Yossi Cohen officially approved as next Mossad head
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Yossi Cohen officially approved as next Mossad head

As expected, Turkel Committee accepts prime minister's candidate, the current national security adviser, to lead spy agency

National Security Adviser Yossi Cohen at a Knesset Foreign Affairs and Defense Committee meeting, September 2, 2014 (Noam Revkin Fenton/Flash90, File)
National Security Adviser Yossi Cohen at a Knesset Foreign Affairs and Defense Committee meeting, September 2, 2014 (Noam Revkin Fenton/Flash90, File)

The Turkel Committee, which approves senior civil service appointments, on Sunday issued its anticipated approval for the appointment of Yossi Cohen, Prime Minister Benjamin Netanyahu’s candidate for the next head of the Mossad.

Netanyahu named Cohen, his current national security adviser, on Monday as his pick to replace Tamir Pardo as head of the intelligence service. Cohen, 54, has the “wealth of experience and achievements” necessary for the job, the prime minister said last week.

Netanyahu made the announcement of the appointment in a televised appearance at the Prime Minister’s Office, ending weeks of speculation and rumors over possible candidates to head the famed spy agency.

Considered close to Netanyahu, Cohen had served as the deputy head of the Mossad from 2011-2013, when he was appointed head of the National Security Council. Pardo will step down from the position in January.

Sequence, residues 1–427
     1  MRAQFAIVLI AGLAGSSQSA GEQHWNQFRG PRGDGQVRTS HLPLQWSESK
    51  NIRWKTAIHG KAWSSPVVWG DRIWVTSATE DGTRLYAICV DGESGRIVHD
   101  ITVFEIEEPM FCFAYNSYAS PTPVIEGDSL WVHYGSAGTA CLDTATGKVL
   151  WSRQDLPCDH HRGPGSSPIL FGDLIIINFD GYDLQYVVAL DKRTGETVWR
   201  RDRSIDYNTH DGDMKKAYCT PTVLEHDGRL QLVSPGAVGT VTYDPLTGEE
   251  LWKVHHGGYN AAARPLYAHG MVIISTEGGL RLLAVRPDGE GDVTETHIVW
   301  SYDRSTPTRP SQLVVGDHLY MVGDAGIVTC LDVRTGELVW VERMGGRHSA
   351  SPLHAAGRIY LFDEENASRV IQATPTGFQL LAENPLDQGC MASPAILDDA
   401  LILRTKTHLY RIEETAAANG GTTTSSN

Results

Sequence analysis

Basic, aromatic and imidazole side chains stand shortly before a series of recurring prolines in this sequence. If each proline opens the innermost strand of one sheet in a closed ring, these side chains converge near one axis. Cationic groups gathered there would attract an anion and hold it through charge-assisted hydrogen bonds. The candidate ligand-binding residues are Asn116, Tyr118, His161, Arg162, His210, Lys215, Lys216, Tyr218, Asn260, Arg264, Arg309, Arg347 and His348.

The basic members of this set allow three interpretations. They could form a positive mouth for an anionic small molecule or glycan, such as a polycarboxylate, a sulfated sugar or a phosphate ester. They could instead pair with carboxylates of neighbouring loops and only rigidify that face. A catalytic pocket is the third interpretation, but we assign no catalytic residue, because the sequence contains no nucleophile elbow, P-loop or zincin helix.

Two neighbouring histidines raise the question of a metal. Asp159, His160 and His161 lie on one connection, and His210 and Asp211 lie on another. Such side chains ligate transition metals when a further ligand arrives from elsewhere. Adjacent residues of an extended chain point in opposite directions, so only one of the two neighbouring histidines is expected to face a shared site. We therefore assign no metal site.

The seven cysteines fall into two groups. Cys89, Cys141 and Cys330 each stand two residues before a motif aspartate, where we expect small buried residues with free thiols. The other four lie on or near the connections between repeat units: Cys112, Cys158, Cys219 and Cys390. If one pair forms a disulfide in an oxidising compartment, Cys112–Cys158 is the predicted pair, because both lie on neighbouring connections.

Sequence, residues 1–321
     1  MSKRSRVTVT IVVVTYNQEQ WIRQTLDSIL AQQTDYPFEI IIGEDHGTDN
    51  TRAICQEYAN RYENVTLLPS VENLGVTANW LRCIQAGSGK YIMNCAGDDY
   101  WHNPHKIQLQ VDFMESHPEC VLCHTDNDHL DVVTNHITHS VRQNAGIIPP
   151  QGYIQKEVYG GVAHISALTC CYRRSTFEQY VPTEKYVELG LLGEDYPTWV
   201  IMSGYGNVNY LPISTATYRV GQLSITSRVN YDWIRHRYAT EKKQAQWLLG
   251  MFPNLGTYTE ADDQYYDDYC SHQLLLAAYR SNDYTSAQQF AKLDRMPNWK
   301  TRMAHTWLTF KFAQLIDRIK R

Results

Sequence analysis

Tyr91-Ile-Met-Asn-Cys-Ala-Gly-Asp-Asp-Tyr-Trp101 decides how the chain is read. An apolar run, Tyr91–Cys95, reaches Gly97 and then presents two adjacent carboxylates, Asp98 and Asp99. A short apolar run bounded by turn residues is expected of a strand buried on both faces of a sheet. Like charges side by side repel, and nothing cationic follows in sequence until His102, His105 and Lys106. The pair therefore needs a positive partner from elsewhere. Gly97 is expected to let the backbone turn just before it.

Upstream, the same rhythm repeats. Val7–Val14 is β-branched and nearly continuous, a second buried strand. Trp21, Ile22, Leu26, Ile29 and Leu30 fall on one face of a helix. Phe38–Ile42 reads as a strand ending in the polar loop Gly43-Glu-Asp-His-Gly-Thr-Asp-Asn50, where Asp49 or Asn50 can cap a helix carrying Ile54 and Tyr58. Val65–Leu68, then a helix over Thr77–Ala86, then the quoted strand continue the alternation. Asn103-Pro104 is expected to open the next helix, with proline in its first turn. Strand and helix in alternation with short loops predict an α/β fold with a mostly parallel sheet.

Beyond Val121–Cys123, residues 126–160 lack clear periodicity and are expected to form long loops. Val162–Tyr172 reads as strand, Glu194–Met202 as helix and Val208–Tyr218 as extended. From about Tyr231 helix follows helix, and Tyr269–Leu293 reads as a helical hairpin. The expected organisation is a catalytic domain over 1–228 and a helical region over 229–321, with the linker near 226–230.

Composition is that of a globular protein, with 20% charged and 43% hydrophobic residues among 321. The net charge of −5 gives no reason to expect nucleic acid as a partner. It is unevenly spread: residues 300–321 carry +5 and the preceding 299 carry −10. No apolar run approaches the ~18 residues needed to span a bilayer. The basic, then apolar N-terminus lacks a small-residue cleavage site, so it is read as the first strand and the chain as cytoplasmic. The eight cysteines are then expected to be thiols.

Cohen was considered the front-runner of three former and current deputy heads competing for the job. Ram Ben-Barak, director general of the Intelligence Ministry, and the serving Mossad deputy head — identified only as “N.” — were the other two challengers.

Prime Minister Benjamin Netanyahu announces the new head of the Mossad, Yossi Cohen, at the Prime Minister's Office in Jerusalem on December 7, 2015. (Hadas Parush/Flash90)
Prime Minister Benjamin Netanyahu announces the new head of the Mossad, Yossi Cohen, at the Prime Minister’s Office in Jerusalem on December 7, 2015. (Hadas Parush/Flash90)

Speaking last week, Netanyahu said the Mossad needed to excel in three fields — operational ability, intelligence and diplomacy — and that he took all three imperatives into account when deciding on the new chief. Expertise in the last of these three fields, diplomacy, was particularly important when it came to fostering ties with countries that do not have formal relations with Israel, said the prime minister, apparently referring to Arab states.

Citing the French terror attacks and other threats, he said the new Mossad head needed to be wise and professional.

“Yossi Cohen has a vast wealth of experience and achievements and has proven his ability in various fields within the organization. He has leadership skills and professional understanding, which are the characteristics required of those who would lead the organization,” Netanyahu said. He stressed that the other two candidates were worthy of the job as well, and said he was sure they would continue to serve the State of Israel.

Cohen himself expressed his delight Monday evening at the appointment.

“I want to thank the prime minister for the faith that he has placed in me. I am excited by the scale of the role and its importance,” he said, according to the Ynet news website. The new spy chief vowed to do his utmost to provide “quality intelligence” for Israel.

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